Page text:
Eliminating Competition: The FDA Further Restricts Use of Johnson & Johnson Coronavirus Shots

On Thursday, the Food and Drug Administration (FDA) further restricted the use of Johnson & Johnson coronavirus shots, again pushing Americans to use just the coronavirus shots from Pfizer-BioNTech and Moderna.

Pointing to blood clots arising from Johnson & Johnson shots as the reason, the FDA announced its new limitation on the availability of Johnson & Johnson shots, referred to by the FDA as Janssen shots, to only “individuals 18 years of age and older for whom other authorized or approved COVID-19 vaccines are not accessible or clinically appropriate, and to individuals 18 years of age and older who elect to receive the Janssen COVID-19 Vaccine because they would otherwise not receive a COVID-19 vaccine.”

Yet, the Johnson & Johnson shots are not alone in carrying risks of blood clots and other effects that result in injury and death. The Pfizer-BioNTech and Moderna shots are in the same boat. And all the shots have been failures in efficacy, falling far short of achieving initial claims regarding protecting people who receive the shots from coronavirus infection, as well as regarding preventing transmission of coronavirus from them to other people.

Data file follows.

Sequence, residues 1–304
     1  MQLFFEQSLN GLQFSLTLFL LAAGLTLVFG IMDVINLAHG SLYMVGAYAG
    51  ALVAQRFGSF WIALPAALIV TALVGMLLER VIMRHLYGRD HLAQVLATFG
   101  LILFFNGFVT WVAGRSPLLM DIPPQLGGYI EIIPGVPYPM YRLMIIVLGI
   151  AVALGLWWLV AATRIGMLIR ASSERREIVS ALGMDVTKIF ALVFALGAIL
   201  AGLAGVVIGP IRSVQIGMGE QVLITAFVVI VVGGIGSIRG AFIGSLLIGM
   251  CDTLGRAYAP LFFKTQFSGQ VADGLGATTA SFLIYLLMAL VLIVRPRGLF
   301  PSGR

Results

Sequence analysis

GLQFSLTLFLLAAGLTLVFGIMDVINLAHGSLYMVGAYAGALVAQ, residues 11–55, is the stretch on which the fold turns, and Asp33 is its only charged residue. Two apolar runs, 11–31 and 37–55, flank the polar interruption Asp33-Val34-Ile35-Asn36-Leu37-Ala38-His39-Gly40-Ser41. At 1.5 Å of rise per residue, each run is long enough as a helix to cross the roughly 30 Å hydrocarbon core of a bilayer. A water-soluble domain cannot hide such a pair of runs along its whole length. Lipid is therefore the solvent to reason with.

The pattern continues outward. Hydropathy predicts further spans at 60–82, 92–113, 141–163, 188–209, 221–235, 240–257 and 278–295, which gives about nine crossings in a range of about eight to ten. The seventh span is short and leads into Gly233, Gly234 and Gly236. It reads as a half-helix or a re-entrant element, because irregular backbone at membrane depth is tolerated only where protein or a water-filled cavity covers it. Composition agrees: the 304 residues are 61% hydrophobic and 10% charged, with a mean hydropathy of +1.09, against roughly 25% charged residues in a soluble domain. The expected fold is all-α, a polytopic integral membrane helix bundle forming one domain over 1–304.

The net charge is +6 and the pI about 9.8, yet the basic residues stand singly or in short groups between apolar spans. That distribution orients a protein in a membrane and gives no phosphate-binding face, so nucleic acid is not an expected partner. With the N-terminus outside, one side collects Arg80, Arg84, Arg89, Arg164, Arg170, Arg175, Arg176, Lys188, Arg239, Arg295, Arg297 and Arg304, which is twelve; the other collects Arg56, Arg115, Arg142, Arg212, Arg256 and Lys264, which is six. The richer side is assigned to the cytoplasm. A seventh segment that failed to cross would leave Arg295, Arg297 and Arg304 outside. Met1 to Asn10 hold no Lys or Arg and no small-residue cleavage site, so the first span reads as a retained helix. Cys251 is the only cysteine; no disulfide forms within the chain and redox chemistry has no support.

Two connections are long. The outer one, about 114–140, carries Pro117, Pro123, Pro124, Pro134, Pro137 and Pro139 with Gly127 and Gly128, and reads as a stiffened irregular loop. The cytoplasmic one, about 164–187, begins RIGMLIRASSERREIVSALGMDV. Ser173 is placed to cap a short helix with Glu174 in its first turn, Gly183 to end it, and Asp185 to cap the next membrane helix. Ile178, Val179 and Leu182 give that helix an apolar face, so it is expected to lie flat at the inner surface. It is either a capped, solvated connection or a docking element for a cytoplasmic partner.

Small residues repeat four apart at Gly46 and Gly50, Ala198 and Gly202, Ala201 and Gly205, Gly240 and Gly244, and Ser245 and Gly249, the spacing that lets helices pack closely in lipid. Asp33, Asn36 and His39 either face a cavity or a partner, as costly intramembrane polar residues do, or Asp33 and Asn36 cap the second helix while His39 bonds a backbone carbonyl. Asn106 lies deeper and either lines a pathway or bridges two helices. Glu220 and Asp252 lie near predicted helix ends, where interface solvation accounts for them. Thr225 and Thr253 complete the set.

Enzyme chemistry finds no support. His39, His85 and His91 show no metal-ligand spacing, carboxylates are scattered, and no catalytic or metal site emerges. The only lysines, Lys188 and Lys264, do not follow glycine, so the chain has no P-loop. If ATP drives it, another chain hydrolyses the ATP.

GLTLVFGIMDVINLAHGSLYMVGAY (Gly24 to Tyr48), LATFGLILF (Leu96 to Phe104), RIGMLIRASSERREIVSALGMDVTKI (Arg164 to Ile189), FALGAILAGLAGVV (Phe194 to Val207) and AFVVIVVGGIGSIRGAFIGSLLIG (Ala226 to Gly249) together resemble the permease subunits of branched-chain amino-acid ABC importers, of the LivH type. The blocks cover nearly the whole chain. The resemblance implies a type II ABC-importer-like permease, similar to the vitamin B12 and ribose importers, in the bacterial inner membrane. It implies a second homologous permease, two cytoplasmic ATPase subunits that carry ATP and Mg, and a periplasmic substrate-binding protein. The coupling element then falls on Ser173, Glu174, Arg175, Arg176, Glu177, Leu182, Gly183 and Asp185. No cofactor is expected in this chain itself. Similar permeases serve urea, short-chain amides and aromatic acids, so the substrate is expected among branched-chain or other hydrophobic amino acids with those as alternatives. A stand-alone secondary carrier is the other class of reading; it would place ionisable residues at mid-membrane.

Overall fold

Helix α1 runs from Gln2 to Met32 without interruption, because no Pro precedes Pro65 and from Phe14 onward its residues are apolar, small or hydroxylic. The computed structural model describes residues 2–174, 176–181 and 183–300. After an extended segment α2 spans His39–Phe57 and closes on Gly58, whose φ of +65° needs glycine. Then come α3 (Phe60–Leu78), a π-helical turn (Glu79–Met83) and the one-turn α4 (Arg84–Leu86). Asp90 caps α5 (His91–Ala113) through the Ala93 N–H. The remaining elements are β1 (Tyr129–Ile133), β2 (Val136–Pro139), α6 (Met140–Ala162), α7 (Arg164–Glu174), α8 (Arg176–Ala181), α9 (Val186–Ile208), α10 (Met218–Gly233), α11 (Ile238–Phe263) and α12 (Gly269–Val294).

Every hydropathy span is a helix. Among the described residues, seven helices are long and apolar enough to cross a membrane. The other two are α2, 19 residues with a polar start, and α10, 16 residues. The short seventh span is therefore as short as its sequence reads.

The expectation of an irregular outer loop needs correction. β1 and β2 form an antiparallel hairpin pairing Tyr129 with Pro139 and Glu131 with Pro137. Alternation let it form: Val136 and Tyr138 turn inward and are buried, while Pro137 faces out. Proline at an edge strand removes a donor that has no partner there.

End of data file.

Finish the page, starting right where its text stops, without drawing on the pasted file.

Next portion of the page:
Nonetheless, the United States government has repeatedly singled out the Johnson & Johnson shots for criticism and restrictions. I have written about previous occurrences hereherehere, and here. Why do Johnson & Johnson’s competitor companies with shots of a different sort — mRNA — keep sliding by despite similar failures in safety and efficacy? It seems like the United States government is playing favorites to benefit either certain companies or the mRNA shots.

Reprinted with permission from the Ron Paul Institute for Peace and Prosperity.

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